Start by learning how to secure your space, step one of the seven steps to earthquake safety developed by the Earthquake Country Alliance (ECA) to help people prepare to survive and recover after the next damaging earthquake. A great way to put these steps into practice is to register for Great ShakeOut Earthquake Drills at www.shakeout.org and get prepared with millions of others worldwide.
Most injuries in earthquakes are caused by falling or flying objects, and can be prevented or reduced by identifying these hazards in advance and securing moveable items. The following list includes free or low cost actions that people can do in one weekend, or perhaps one each week until done. This may involve asking others for help or borrowing tools and helping them in return, as well as assisting others in the community.
No cost suggestions:
o Move heavy or large items to the floor or low shelves.
o Move things that can fall on you away from where you spend a lot of time.
o Move heavy or unstable objects away from doors and escape routes._
Low cost suggestions:
o Secure a water heater to wall studs with two metal straps.
o Secure top-heavy furniture and appliances to wall studs.
o Hang mirrors and pictures on closed hooks.
o Secure computers and TVs with special straps.
o Prevent small items from falling by using museum putty or wax.
o Install latches on kitchen cabinets.
Most items listed above are available at local hardware stores, or at a special discount from ShakeOut partner ReadyAmerica.
A bit more work or cost:
o Use flexible connections where gas lines meet appliances (such as water heaters and ovens).
o Secure overhead light fixtures.
o Secure free-standing wood stoves or fireplace inserts.
These recommendations may also reduce injury or damage in other situations. For example, a recent report showed that unsecured TVs fall and injure children nationwide every day. So even if earthquakes are not common where you live or work, these suggestions are worthwhile to consider.
Visit Secure Your Space for more information, videos, instructions, and resources. The Beat the Quake game is also a fun way to learn how to secure your space.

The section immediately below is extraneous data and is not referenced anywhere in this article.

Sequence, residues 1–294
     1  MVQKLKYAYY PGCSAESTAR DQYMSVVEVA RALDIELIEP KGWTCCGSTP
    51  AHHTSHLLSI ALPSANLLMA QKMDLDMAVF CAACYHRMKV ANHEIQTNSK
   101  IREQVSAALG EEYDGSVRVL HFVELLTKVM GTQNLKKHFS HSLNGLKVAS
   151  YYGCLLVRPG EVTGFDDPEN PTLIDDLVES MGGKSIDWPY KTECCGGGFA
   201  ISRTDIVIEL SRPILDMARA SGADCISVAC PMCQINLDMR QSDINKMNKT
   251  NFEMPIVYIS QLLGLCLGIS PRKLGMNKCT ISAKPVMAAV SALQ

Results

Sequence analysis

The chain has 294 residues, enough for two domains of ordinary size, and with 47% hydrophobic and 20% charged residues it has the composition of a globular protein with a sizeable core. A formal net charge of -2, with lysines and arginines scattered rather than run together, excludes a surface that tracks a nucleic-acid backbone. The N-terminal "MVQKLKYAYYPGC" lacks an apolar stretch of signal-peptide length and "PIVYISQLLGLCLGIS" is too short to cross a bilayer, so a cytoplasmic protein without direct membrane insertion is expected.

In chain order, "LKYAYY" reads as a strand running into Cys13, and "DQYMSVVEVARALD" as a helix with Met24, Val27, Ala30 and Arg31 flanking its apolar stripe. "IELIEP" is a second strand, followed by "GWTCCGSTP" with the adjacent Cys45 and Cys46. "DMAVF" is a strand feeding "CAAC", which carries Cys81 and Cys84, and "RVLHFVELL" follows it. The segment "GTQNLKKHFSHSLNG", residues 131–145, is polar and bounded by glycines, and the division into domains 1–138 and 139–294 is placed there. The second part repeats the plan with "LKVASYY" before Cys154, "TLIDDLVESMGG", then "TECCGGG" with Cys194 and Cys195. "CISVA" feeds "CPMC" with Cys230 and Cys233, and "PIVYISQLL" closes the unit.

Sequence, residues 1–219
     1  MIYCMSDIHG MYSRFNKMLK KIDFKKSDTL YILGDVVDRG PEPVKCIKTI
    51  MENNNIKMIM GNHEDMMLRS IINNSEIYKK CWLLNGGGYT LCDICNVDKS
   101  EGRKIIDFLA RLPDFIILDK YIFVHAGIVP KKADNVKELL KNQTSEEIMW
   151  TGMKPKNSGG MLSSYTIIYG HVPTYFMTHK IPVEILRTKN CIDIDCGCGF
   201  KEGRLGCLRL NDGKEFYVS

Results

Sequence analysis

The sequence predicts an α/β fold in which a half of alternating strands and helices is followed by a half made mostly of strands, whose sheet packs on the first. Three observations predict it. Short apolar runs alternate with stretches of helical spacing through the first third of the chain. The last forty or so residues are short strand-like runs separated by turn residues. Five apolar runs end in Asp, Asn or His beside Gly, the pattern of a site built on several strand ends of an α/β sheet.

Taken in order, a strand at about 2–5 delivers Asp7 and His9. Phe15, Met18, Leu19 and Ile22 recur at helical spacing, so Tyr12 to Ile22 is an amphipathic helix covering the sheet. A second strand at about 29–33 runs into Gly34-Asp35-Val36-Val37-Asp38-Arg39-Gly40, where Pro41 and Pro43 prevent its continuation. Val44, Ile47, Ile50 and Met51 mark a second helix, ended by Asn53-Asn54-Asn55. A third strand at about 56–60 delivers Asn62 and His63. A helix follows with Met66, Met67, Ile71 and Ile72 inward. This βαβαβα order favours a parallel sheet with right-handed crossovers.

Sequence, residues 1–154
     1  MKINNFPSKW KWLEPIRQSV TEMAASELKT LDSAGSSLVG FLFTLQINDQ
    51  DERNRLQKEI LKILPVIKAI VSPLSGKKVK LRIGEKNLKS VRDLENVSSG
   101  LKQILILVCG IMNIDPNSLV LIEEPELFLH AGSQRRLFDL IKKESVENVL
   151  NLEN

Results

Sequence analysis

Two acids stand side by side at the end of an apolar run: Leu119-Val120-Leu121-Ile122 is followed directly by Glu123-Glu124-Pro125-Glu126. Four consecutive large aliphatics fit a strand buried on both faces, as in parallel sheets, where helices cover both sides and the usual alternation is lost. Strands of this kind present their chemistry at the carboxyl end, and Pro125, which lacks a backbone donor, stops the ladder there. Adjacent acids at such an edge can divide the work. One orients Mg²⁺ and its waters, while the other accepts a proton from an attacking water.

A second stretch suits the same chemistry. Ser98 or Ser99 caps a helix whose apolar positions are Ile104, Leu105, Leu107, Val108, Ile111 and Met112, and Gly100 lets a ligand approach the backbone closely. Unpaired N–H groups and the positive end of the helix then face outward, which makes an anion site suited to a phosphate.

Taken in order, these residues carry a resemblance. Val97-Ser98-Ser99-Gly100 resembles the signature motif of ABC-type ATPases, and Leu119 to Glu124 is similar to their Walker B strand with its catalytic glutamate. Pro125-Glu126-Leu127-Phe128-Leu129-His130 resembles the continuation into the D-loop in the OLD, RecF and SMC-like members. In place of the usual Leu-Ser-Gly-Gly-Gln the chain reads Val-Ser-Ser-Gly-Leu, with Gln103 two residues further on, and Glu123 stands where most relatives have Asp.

The annual worldwide Great ShakeOut Earthquake Drills (planned for Oct. 17 in most regions) and the www.shakeout.org website are designed to inform people at school, work and home about how to prepare to survive and recover quickly from the next damaging earthquake. Participation in the ShakeOut Drill is free and takes only a few minutes. Information about how participate is at the ShakeOut website.
”Don’t be left out of the ShakeOut,” urged Mark Benthien, director for outreach, Southern California Earthquake Center at the University of Southern California, and executive director, Earthquake Country Alliance. “It’s amazing to see how quickly this has become a worldwide movement,” said Benthien. “ShakeOut is a fun and easy way for people, organizations and communities in many regions to get prepared now, together, before the next major earthquake.”
ShakeOut began as a Southern California drill in 2008 and has since grown to include drills in more than 40 states and U.S. territories, along with participation in Canada, New Zealand, Japan, Italy, and many other countries. More than 20 million participants are expected to participate in 2013 (including 10 million in California) as part of the various ShakeOut Drills.
Great ShakeOut Earthquake Drills are coordinated worldwide by the Southern California Earthquake Center with a broad network of local ShakeOut coordinators, with support from the Federal Emergency Management Agency, National Science Foundation, and U.S. Geological Survey. The Great California ShakeOut is organized by the Earthquake Country Alliance, which includes California Office of Emergency Services, U.S. Geological Survey, California Earthquake Authority, American Red Cross, and many other organizations.
Extensive information is available at the ShakeOut and Earthquake Country websites. Join the conversation with the Great California ShakeOut on Facebook (http://facebook.com/greatshakeout) and twitter (@shakeout).